"Some of them glided past, intent on some imminent conquest," Sullivan wrote of the men at Roseland, "others stumbled toward me, eyes glazed, bodies stooped in a kind of morbid stupor, staring at the floor or into space; others still stood in corners, chatting, socializing, their arms draped around each other, a banal familiarity belying the truly bizarre scene around them ... Beyond, a mass of men danced the early morning through, strobe lights occasionally glinting off the assorted deltoids, traps, lats, and other muscle groups."

From this "conflicting puzzle of impulses" Sullivan emerged with a
theory, arguing that the apparent resurgence of promiscuity, drug abuse, quick affairs and shattered lives in the gay community is a symptom of mass denial, "the need to find some solidarity among the loss," as Sullivan sees it, "to assert some crazed physicality against the threat of sickness, to release some of the toxins built up over a decade [sic] of constant stress. Beyond everything" -- and this is Sullivan's central point -- "the desire to banish the memories that will not be banished, to shuck off -- if only till the morning -- the maturity that plague had brutally imposed." Where AIDS once equaled death, Sullivan says, it now demands "responsibility," clean living, and an end to empty, meaningless sex.

"The meeting of two human beings in a sexual encounter can never be a neutral or casual phenomenon," Sullivan explains, despite all evidence that, indeed, it can. What Sullivan means is that sex shouldn't be casual, that gay men's marginalization from traditional society has trained them in "appearances" and "deceit," that promiscuity is always pathological, and that there are upright citizens in those nasty dancing bodies just yearning to bust out. In the Gospel According to Andrew, "maturity" is needed not only to stop the spread of HIV, but for gay men to realize their full potential as humans and children of God.

Despite heated criticism from AIDS treatment and prevention workers, and despite CDC figures that show the rate of HIV infection among gay men is neither higher nor lower than it was, Sullivan found support for his position from a handful of conservative gay pundits, all of them white, all of them male, thumping and braying about the dangers of sex and the glories of matrimony. That marriage has never put a dent in the promiscuous nature of men is of no concern to the "neo-culturalists," as they like to call themselves. Bruce Bawer, Gabriel Rotello, Michelangelo Signorile, and the inevitable Larry Kramer have, with Sullivan and a few others, secured a virtual lock on gay commentary in the American media, appearing with depressing regularity on talk shows and op-ed pages, spinning out books and magazine articles in what amounts to an incessant rant about the crippled psyches and empty lives of male homosexuals. Bawer is the author of "A Place at the Table," one of the first pleas for mainstream acceptance in exchange for the marriage vow. The icy Rotello argued in "Sexual Ecology" that unsafe sex among urban gay men is still firing the AIDS epidemic, and called for a "new taboo" on anal sex. Signorile is a pumped-up, heartthrob columnist for Out magazine, widely remembered as the father of "outing" in the media but currently clean as a whistle. And Kramer is Kramer, still screaming, "We're dying! We're dying!" but shifting the blame for the holocaust from society at large to gay men themselves (and angrily parting company with Sullivan on the end-of-AIDS idea).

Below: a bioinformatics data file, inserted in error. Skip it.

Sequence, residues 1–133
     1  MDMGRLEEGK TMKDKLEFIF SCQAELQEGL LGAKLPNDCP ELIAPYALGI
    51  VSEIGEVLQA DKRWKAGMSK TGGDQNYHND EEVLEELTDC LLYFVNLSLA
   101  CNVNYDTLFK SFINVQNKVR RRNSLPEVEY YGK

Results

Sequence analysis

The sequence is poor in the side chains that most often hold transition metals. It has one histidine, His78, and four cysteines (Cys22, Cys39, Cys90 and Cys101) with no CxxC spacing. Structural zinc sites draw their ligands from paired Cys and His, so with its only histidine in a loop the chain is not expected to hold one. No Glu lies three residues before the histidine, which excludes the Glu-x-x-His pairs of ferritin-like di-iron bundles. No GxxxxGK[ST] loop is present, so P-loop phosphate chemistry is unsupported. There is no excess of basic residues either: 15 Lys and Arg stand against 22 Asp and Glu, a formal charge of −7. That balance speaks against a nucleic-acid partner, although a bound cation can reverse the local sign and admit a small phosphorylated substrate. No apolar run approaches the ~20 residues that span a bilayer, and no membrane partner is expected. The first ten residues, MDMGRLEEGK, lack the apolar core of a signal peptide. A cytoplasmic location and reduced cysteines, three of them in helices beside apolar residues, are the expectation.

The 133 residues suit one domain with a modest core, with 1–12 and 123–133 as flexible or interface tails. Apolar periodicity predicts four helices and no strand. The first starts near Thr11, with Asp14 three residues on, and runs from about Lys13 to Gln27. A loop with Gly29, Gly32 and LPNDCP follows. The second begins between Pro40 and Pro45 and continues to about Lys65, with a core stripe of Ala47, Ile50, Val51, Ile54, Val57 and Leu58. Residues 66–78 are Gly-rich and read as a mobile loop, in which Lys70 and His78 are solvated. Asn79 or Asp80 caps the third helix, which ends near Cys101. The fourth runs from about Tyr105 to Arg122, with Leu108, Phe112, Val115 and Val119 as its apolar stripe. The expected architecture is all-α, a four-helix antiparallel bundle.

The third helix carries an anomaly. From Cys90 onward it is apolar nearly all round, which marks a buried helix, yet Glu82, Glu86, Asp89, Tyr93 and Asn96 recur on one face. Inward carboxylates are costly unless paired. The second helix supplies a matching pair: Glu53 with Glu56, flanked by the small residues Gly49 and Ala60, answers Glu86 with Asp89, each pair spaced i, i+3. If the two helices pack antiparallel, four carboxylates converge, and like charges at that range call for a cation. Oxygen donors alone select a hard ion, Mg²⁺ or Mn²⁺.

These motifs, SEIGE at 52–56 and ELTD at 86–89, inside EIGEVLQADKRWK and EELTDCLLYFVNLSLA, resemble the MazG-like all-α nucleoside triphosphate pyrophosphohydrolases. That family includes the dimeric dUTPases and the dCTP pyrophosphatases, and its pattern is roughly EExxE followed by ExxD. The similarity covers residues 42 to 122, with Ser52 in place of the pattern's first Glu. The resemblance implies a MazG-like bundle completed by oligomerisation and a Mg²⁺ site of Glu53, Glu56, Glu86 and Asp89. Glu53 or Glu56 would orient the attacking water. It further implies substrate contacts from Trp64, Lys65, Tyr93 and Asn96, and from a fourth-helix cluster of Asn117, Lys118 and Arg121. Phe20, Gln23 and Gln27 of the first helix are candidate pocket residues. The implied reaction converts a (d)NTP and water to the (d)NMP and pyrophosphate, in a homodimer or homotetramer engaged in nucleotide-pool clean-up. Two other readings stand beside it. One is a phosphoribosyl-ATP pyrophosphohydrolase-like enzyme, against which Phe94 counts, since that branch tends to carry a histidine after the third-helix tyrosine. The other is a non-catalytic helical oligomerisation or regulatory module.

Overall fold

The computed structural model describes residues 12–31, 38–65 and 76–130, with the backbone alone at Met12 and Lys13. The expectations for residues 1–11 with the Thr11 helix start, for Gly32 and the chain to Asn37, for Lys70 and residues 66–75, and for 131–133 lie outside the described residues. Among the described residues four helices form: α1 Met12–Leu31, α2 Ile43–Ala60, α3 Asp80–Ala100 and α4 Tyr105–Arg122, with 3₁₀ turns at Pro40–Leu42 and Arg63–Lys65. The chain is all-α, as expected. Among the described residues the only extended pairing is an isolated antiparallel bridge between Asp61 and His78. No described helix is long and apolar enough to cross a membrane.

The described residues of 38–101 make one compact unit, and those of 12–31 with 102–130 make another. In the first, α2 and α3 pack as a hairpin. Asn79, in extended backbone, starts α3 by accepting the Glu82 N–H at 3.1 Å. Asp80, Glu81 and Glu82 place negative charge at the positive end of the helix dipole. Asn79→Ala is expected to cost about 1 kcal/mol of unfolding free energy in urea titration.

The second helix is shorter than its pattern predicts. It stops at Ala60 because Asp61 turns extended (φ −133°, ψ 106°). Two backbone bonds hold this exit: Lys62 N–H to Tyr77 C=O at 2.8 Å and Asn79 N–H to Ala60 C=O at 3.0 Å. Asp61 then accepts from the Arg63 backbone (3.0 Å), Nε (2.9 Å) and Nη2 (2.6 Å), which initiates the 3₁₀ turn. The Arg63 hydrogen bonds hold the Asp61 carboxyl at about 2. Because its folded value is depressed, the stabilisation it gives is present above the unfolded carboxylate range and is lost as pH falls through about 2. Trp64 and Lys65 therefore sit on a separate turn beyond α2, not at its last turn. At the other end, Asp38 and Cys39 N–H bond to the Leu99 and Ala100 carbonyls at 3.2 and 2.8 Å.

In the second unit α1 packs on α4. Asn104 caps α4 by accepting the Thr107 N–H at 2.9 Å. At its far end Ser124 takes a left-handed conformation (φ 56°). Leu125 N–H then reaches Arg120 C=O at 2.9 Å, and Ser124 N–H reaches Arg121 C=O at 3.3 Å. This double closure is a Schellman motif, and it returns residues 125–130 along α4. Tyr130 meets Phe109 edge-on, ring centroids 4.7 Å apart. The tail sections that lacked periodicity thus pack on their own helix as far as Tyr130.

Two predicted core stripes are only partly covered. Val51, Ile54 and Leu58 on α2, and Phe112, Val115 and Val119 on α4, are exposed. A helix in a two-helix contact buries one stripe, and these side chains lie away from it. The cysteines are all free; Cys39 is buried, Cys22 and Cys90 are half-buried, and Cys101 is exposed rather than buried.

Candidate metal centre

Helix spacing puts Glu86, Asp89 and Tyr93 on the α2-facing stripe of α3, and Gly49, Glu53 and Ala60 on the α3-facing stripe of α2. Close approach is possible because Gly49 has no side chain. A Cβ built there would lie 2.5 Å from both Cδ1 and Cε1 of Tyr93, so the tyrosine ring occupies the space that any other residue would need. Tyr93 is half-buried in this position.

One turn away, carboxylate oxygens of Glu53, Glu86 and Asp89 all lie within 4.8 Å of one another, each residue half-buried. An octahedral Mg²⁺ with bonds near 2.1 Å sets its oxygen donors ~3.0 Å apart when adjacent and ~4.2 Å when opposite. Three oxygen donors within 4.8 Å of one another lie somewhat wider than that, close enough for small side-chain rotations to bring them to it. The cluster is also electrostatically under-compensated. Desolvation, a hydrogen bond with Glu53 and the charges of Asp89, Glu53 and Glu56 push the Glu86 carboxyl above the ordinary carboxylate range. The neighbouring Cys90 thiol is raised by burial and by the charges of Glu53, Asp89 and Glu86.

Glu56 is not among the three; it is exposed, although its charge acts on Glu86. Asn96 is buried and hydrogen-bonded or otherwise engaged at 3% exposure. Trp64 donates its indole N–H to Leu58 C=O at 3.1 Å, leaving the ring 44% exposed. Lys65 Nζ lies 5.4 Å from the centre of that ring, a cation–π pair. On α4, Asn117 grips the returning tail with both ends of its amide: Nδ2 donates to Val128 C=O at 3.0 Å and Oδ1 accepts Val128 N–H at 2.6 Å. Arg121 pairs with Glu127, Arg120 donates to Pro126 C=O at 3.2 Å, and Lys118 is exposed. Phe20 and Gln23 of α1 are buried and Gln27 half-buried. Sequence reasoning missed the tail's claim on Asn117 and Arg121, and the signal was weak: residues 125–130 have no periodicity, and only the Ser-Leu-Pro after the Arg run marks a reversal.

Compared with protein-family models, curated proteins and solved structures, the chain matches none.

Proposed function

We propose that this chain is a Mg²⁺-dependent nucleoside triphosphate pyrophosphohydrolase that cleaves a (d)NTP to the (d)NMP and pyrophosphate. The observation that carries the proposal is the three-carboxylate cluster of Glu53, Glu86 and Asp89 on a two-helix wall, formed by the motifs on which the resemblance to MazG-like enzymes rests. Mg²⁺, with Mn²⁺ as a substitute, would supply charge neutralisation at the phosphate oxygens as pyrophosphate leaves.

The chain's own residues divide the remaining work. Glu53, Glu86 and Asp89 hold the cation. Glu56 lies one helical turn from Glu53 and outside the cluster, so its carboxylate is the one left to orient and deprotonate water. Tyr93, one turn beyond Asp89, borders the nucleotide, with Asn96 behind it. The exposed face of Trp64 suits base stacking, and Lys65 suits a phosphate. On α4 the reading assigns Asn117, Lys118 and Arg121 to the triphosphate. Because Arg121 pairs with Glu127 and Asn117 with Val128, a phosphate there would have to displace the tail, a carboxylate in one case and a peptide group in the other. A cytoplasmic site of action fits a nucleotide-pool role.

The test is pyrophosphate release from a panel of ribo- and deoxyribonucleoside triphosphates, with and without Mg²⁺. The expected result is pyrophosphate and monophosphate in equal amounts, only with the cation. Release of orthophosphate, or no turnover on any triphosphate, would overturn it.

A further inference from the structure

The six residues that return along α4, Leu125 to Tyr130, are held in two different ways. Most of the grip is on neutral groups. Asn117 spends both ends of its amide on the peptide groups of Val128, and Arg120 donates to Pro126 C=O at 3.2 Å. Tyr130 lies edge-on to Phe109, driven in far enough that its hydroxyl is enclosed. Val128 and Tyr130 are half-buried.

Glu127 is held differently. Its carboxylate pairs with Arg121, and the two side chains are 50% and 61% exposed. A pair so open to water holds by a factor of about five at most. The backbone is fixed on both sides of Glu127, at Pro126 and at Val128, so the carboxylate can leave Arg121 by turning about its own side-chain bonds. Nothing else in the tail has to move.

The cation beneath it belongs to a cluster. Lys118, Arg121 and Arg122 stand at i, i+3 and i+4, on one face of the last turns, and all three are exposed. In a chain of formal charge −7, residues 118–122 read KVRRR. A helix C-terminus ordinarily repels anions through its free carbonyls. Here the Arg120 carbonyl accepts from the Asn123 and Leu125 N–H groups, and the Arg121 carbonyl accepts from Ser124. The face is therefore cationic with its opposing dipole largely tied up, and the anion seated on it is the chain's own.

Now, in "Love Undetectable: Notes on Friendship, Sex, and Survival," Sullivan returns to the field, in what is partly an expansion of his Times Magazine piece, partly a rumination on the roots of homosexuality and partly an Augustinian-style confession that closes with a paean to friendship. As a confession, "Love Undetectable" is scarcely open to criticism, exalted though it is and sentimental to the core. Sullivan is given to the pious revelation. He doubts the goodness of God on the beach at Cape Cod, then realizes that this is when his faith matters most. He hears his friends say, "Andrew, Andrew," when they learn about his HIV infection, then opens the Bible at random to that passage where Jesus admonishes Martha of Bethany -- "Martha, Martha" -- in "one of those many details that convince me that so much of the Bible is true."

"It is not simply the tone of love," writes Sullivan, "it is the tone of friendship, an unmistakable tone, a tone that I did not only recognize but suddenly, heartbreakingly, knew." The virtues of friendship over sexual and romantic love are a new kick for Sullivan, who pointed out recently on "Good Morning America" that "family is great, but what did Jesus do? He left his family and hung out with 12 friends ... We always hear the great phrase from the Gospels, 'Greater love hath no man than this, that he lay down his life for his friends' ... It's not lay down his life for humanity, or for this, that and the other, but for his friends" -- a nifty escape hatch for a man who writes about AIDS as if he and his friends were the only ones who ever had it.